O Level Notes : Geography - Geographic Information Systems - Boolean Logic & Overlays
Geographic Information Systems (GIS) has become an integral part of spatial analysis. GIS make use of Boolean logic and overlays to improve the robustness of spatial analysis.
This topic looks at what the Boolean logic is all about and how overlays are used in analysing data.
BOOLEAN LOGIC
Logic is reasoning according to set principles of validity. Computers use logic to perform certain tasks. This is why computers may not perform certain tasks which are not within their specified rules or principles. The software in computers work logically. Boolean logic is named after the mathematician George Boole. This Boolean logic is a form of Algebra where letters and symbols are used to represent numbers and values in equations. The equations are then reduced to give True or False conclusions.
GIS uses the Boolean logic to perform operations on attributes of Geographic features. Boolean logic is useful in both vector and raster systems. This Boolean logic use logical operations which are: AND, OR, XOR, and NOT. These operations can be used to analyse statements logically to decide whether the statements are True or False. For example, the statement that it is raining and it is during the day can only be true or false. Being day can only be true when it is in actual fact day and the same applies to being night. Using AND, OR, NOT and XOR, other True or False statements can be formed and presented using Truth tables.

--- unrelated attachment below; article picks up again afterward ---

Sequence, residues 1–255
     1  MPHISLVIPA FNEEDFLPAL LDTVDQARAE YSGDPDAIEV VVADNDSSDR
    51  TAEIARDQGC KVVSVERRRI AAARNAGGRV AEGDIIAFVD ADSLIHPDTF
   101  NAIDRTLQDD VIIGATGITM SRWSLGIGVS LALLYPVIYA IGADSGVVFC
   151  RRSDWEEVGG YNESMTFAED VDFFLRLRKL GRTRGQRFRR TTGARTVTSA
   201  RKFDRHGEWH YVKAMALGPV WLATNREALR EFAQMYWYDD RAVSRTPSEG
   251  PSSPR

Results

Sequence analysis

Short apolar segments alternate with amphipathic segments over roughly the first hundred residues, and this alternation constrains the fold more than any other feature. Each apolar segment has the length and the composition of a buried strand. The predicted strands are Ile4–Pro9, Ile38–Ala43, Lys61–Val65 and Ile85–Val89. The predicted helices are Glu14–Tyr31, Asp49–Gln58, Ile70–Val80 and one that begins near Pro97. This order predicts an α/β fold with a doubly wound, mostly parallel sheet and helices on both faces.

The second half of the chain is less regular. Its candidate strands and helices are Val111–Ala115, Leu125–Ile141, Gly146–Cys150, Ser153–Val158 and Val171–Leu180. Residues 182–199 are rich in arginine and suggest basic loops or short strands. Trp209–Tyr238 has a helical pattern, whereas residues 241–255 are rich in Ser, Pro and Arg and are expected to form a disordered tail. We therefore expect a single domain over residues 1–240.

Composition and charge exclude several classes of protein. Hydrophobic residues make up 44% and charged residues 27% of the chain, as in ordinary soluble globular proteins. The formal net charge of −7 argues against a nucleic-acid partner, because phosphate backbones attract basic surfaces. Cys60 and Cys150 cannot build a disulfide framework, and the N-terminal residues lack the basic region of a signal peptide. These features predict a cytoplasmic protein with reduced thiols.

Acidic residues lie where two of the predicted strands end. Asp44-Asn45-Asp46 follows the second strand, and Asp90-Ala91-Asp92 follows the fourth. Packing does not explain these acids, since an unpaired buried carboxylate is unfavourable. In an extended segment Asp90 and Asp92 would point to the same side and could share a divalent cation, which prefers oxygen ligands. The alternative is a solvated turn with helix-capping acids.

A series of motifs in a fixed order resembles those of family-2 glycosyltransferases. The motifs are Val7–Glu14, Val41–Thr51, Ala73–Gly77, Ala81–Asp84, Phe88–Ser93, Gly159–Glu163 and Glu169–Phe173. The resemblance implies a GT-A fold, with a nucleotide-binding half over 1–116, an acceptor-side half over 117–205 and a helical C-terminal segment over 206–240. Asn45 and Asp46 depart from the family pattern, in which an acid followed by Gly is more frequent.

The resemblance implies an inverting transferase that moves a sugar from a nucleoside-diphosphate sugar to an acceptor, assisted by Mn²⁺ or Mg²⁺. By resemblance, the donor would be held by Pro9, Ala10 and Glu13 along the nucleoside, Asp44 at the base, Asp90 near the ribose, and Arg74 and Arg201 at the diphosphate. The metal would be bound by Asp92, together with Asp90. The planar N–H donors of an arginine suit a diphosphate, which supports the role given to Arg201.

Statement D says it is day time
Statement R says it is raining
The AND operator
The AND operator is the intersection of two sets. It considers those entities in a data set which belong to both sets of data. According to AND operator, it is False(F) when D and R are false, when D is F and R is T, when D is T and R is F but it is True(T) when we have both D and R being True. The true statement according to the AND operator is that it is raining and at the same time it is daytime. That will be the intersection of the two statements.
The OR operator
True or False Table for the OR operator
D |
R |
D or R |
F F T T |
F T F T |
F T T T |
The OR operator is the union of the two sets of data. In this case the True statements will be whatever is True with any one of the two cases. If D or R is false when both D and R are false (it's not day time and it's not raining). It means none of the cases are contained in any of the two sets. This operator considers all of D and all of R.
The NOT operator